OF ST JOHN MAXIMOVITCH
Orthodox Veneration of Mary
The Orthodox Church teaches about the Mother of God that which Sacred Tradition and Sacred Scripture have informed concerning Her, and daily it glorifies Her in its temples, asking Her help and defence. Knowing that She is pleased only by those praises which correspond to Her actual glory, the Holy Fathers and hymn-writers have entreated Her and Her Son to teach them how to hymn Her. "Set a rampart about my mind, O my Christ, for I make bold to sing the praise of Thy pure Mother" (Ikos of the Dormition). "The Church teaches that Christ was truly born of Mary Ever-Virgin" (St. Epiphanius, "True Word Concerning the Faith").
"It is essential for us to confess that the holy Ever-Virgin Mary is actually Theotokos (Birth-giver of God), so as not to fall into blasphemy. For those who deny that the Holy Virgin is actually Theotokos are no longer believers, but disciples of the Pharisees and Sadducees" (St. Ephraim the Syrian, "To John the Monk").
From Tradition it is known that Mary was the daughter of the aged Joachim and Anna, and that Joachim descended from the royal line of David, and Anna from the priestly line. Notwithstanding such a noble origin, they were poor. However, it was not this that saddened these righteous ones, but rather the fact they did not have children and could not hope that their descendants would see the Messiah. And behold, when once, being disdained by the Hebrews for their barrenness, they both in grief of soul were offering up prayers to God - Joachim on a mountain to which he had retired after the priest did not want to offer his sacrifice in the Temple and Anna, in her own garden, weeping over her barrenness -- there appeared to them an angel who informed them that they would bring forth a daughter. Overjoyed, they promised to consecrate their child to God.
In nine months a daughter was born to them, called Mary, Who from Her early childhood manifested the best qualities of soul. When She was three years old, her parents, fulfilling their promise, solemnly led the little Mary to the Temple of Jerusalem; She Herself ascended the high steps and, by revelation from God, She was led into the very Holy of Holies by the High Priest who met Her, taking with Her the grace of God which rested upon Her into the Temple which until then had been without grace. (See the Kontakion of the Entry into the Temple. This was the newly-built Temple into which the glory of God had not descended as it had upon the Ark or upon the Temple of Solomon). She was settled in the quarters for virgins which existed in the Temple, but She spent so much time in prayer in the Holy of Holies that one might say that She lived in it. (Service to the Entry, second Sticheron on "Lord, I have cried,"and the "Glory, Both Now Being adorned with all virtues, She manifested an example of extraordinarily pure life. Being submissive and obedient in all, She offended no one, said no crude word to anyone, was friendly to all and did not allow any unclean thought (abridged from St.Ambrose of Milan, "Concerning the Ever-Virginity of the Virgin Mary").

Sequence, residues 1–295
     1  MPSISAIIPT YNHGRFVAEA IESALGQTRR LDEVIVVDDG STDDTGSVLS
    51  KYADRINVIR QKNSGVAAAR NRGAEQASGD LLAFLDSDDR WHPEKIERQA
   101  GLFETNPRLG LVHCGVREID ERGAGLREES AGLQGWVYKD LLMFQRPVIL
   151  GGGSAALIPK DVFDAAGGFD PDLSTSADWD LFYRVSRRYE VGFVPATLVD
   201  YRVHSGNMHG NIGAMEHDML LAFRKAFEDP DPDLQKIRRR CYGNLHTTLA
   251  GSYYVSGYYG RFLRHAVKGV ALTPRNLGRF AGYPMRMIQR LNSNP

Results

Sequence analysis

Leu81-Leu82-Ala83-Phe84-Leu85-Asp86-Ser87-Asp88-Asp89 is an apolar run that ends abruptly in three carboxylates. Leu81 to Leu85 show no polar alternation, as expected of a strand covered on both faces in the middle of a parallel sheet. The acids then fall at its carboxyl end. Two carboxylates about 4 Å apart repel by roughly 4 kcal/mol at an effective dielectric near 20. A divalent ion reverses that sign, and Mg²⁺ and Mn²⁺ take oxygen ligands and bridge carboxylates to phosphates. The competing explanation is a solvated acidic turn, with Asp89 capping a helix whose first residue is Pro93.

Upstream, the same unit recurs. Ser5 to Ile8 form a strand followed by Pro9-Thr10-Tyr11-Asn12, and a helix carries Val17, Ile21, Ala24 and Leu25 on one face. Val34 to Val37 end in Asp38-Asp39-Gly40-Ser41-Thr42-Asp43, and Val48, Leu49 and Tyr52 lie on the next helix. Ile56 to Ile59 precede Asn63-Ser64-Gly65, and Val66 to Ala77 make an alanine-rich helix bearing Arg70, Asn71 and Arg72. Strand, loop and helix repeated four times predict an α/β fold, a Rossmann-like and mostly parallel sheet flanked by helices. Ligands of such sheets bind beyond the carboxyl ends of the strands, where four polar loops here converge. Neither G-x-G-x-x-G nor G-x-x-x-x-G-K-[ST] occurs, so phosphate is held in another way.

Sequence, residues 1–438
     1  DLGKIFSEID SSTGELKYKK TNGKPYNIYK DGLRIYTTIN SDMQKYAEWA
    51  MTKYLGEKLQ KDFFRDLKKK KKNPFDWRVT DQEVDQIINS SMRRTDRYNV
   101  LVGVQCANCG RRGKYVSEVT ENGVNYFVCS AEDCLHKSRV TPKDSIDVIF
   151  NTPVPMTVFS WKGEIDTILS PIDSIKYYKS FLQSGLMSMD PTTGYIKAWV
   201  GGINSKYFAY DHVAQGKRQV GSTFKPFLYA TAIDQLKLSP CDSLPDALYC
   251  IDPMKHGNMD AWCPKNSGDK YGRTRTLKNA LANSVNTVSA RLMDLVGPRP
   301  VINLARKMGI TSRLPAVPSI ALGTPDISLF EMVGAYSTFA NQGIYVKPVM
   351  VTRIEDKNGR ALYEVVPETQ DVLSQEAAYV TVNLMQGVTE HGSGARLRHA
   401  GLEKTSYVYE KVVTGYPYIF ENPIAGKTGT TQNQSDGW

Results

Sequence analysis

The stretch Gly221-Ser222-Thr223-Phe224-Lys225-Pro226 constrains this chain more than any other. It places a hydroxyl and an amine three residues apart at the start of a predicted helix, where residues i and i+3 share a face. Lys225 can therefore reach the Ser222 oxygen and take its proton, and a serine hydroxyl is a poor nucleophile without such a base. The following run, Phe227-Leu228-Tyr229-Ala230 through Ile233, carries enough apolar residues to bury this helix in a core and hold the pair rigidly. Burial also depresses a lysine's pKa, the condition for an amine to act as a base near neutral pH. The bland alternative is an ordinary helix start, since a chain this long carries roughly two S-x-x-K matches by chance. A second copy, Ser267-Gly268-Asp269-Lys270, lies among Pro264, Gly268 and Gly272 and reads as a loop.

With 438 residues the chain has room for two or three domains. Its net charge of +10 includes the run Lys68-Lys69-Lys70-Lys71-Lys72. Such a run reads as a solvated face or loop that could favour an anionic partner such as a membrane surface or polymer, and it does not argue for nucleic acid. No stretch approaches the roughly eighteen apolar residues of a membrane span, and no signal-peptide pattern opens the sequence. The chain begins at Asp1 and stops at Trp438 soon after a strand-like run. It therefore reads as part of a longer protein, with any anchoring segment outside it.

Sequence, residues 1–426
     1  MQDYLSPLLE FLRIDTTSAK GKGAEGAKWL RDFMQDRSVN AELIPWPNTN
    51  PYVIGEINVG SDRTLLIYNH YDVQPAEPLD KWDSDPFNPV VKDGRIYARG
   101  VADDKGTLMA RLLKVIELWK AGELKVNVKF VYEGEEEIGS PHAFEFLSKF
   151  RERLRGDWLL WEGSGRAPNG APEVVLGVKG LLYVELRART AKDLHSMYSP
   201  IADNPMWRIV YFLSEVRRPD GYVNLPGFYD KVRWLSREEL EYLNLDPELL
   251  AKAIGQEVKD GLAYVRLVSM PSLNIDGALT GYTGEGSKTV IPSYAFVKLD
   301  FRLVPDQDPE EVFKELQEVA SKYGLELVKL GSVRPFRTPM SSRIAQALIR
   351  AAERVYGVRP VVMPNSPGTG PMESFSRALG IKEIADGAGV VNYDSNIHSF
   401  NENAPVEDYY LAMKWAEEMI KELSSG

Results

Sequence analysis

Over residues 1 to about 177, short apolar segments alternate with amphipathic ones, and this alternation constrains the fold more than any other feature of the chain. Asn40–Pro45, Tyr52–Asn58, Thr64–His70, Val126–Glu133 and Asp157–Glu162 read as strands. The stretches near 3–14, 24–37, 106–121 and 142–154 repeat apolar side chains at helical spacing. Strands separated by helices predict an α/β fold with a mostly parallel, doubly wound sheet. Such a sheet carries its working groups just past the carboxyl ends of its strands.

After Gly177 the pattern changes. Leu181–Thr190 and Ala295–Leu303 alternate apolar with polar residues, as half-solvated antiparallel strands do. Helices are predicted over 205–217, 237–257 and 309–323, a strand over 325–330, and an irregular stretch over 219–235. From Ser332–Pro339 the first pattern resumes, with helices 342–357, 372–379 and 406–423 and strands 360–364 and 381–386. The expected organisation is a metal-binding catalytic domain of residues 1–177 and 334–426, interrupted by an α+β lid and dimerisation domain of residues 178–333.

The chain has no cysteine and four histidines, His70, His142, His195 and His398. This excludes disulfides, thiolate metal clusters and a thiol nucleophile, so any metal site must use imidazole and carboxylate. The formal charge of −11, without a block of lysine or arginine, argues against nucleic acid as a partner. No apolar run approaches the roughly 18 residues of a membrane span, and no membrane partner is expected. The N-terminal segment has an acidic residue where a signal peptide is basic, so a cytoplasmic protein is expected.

"Despite the righteousness and the immaculateness of life which the Mother of God led, sin and eternal death manifested their presence in Her. They could not but be manifested: Such is the precise and faithful teaching of the Orthodox Church concerning the Mother of God with relation to original sin and death" (Bishop Ignatius Brianchaninov, "Exposition of the Teaching of the Orthodox Church on the Mother of God"). "A stranger to any fall into sin" (St. Ambrose of Milan, Commentary on the 118th Psalm), She was not a stranger to sinful temptations. "God alone is without sin" (St. Ambrose, same source), while man will always have in himself something yet needing correction and perfection in order to fulfil the commandment of God; Be ye holy as I the Lord your God am Holy (Leviticus 19:2). The more pure and perfect one is, the more he notices his imperfections and considers himself all the more unworthy.
The Virgin Mary, having given Herself entirely up to God, even though She repulsed from herself every impulse to sin, still felt the weakness of human nature more powerfully than others and ardently desired the coming of the Saviour. In Her humility She considered Herself unworthy to be even the servant-girl of the Virgin Who was to give Him birth. So that nothing might distract Her from prayer and heedfulness to Herself, Mary gave to God a vow not to become married, in order to please only Him Her whole life long. Being betrothed to the elderly Joseph when Her age no longer allowed Her to remain in the Temple, She settled in his house in Nazareth. Here the Virgin was vouchsafed the coming of the Archangel Gabriel who brought Her the good tidings of the birth from Her of the Son of the Most High. Hail, Thou that art full of grace, the Lord is with Thee. Blessed an Thou among women ... The Holy Spirit shall come upon Thee and the power of the Most High shall overshadow Thee: wherefore also that which is to be born shall be holy and shall be called the Son of God (Luke 1:28-35).